Climate change training session to help representatives from Seychelles at international meetings
Minister of Environment, Energy and Climate Change, Wallace Cosgrow addressing the high-level segment of the Conference of the Parties 24 in Poland in December last year. (Ministry of Environment, Energy and Climate Change)
(Seychelles News Agency) - Government officials and members of civil society from Seychelles are learning more about climate change in order to be better equipped to negotiate at international meetings following a training session last week.
The group took part in the training on Friday aimed at familiarising participants with the basics of climate change diplomacy and building knowledge and skills for more effective negotiation.
“The impact of climate change is becoming more apparent in Seychelles. As a small country, we continuously need support and make our voice heard internationally. For that to happen those dealing with climate change have to be skilled in various areas such as advocacy and negotiation,” said Ronny Jumeau, Seychelles' permanent representative to the United Nations.
Jumeau said that an important factor that negotiators need to take into account when they attend international climate change meeting is how to get access to financing.
“Now that Seychelles has become a high-income country it is more difficult to get access to finance to support local climate change adaptation projects. Therefore, negotiators need to be skilful and know what they are talking about to lure donors,” he said.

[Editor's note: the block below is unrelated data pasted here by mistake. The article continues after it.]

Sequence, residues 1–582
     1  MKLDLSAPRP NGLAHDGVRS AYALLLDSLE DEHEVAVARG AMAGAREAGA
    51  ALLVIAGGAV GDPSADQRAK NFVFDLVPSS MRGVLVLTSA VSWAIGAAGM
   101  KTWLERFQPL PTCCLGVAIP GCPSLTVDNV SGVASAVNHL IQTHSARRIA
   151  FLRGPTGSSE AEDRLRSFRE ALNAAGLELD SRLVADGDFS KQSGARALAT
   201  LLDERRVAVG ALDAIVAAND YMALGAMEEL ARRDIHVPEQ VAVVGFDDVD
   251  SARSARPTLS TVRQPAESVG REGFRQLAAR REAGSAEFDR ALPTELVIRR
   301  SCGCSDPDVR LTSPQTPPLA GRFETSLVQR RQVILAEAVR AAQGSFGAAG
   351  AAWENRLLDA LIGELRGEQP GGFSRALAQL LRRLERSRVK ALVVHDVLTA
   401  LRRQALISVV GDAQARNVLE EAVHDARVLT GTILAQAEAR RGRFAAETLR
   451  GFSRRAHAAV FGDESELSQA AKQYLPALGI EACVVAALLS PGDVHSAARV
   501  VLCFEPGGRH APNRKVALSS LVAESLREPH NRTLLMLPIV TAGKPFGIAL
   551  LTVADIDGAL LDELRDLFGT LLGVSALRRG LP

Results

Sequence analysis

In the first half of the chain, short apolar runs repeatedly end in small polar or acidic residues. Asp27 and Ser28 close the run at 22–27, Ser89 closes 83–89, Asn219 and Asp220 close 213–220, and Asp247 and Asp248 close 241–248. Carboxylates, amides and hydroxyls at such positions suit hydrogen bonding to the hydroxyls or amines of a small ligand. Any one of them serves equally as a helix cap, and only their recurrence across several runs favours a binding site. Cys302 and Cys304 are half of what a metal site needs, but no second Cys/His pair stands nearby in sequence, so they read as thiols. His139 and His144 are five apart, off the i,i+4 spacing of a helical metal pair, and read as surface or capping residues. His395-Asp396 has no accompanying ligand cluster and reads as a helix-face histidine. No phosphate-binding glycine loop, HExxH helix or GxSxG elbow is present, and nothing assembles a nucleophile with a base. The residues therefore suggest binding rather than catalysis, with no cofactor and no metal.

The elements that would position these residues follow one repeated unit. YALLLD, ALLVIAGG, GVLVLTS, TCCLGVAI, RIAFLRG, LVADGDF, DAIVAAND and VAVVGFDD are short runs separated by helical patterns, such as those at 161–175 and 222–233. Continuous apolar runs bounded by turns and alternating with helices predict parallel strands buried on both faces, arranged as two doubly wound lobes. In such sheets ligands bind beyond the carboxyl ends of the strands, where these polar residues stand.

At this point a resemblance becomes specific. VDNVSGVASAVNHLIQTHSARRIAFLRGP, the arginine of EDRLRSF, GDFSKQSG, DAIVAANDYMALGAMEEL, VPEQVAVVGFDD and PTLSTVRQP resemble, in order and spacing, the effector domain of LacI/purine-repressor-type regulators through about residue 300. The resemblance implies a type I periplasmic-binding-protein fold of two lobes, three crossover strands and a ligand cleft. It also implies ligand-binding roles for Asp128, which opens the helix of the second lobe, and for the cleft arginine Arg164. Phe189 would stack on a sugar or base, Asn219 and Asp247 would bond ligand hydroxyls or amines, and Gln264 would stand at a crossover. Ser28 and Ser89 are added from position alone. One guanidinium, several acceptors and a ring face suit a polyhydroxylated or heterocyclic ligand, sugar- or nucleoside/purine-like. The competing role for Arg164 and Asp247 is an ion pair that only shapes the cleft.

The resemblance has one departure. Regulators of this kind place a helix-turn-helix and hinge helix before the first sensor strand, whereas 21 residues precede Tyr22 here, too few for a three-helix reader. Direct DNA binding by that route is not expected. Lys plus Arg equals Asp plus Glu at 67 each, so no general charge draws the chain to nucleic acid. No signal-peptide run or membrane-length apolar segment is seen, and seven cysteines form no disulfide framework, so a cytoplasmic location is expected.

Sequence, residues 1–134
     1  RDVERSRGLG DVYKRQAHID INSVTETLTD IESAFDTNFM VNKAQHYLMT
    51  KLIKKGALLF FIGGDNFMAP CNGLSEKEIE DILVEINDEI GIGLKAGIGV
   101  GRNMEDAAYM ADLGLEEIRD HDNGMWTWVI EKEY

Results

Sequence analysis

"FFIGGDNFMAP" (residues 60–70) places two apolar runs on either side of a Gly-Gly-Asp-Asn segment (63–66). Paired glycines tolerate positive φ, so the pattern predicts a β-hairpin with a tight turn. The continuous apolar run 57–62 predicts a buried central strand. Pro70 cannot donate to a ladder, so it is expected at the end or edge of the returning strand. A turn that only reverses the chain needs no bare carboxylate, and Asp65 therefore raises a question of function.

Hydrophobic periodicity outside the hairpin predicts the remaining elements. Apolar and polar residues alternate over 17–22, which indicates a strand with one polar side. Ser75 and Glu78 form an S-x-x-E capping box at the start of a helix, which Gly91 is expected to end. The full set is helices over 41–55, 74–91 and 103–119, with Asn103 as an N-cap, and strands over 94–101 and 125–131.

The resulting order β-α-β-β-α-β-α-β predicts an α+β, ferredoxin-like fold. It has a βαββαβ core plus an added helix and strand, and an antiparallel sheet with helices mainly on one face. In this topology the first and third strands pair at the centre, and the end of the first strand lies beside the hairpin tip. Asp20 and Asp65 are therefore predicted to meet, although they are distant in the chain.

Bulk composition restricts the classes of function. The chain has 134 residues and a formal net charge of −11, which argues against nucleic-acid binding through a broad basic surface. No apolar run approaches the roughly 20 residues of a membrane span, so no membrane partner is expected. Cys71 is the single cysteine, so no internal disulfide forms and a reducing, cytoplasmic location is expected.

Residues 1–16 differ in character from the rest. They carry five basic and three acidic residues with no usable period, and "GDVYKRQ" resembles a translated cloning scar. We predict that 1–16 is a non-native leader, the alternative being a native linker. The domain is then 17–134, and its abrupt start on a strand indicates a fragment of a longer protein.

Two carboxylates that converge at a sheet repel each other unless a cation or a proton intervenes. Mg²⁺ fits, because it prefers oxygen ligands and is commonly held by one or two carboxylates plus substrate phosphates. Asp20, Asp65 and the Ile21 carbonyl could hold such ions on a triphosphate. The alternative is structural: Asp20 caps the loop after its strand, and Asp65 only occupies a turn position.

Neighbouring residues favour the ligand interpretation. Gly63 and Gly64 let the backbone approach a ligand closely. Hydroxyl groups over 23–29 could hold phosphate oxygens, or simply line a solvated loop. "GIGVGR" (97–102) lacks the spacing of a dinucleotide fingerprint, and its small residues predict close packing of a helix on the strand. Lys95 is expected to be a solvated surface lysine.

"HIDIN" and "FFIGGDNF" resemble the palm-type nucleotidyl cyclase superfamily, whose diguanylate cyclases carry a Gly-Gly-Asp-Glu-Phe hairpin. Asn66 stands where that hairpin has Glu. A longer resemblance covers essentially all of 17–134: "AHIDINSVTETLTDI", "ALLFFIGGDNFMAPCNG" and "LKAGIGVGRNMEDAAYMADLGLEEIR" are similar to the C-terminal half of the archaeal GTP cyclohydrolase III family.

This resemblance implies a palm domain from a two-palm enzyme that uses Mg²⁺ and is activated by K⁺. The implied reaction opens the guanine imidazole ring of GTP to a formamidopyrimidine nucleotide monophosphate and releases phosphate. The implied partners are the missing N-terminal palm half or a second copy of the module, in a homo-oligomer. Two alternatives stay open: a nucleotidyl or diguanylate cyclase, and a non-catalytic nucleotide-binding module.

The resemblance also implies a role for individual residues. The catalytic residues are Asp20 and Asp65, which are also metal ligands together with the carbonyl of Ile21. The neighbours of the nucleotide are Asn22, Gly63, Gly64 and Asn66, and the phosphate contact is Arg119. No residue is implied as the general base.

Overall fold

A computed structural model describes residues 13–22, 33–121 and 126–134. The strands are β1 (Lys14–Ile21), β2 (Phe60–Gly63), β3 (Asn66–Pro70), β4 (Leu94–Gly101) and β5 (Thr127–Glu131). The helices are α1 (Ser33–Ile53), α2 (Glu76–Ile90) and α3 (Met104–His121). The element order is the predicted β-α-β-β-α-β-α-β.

Climate change is adversely affecting the economic development of Seychelles, an archipelago in the western Indian Ocean. This is having a direct impact on the livelihoods of the islanders, and getting access to finances is vital to the island nation’s survival.
The workshop comes right after a capacity needs assessment recently completed by the Global Climate Change Alliance Plus Initiative (GCCA+) programme in which the need for strengthening the knowledge and skills of Seychellois climate change negotiators was identified.
The facilitator of the project, Angelique Pouponneau, said Seychellois negotiators “wanted to know more about climate change diplomacy and how to engage in negotiations surrounding climate change.”
Some of the participants in the workshop had already attended the Conference of the Parties (COP) meetings and those who will be attending the next meeting wanted to be better prepared.
Pouponneau added that after taking part in the workshop funded by the European Union, participants “will be equipped with basic skills to engage in negotiations surrounding climate change in international space.”
A participant in the workshop, Elissa Lalande, who is the senior policy analyst for climate change, said that the workshop has been very enriching and will prepare her in the “future to represent Seychelles at any international meeting on climate change.”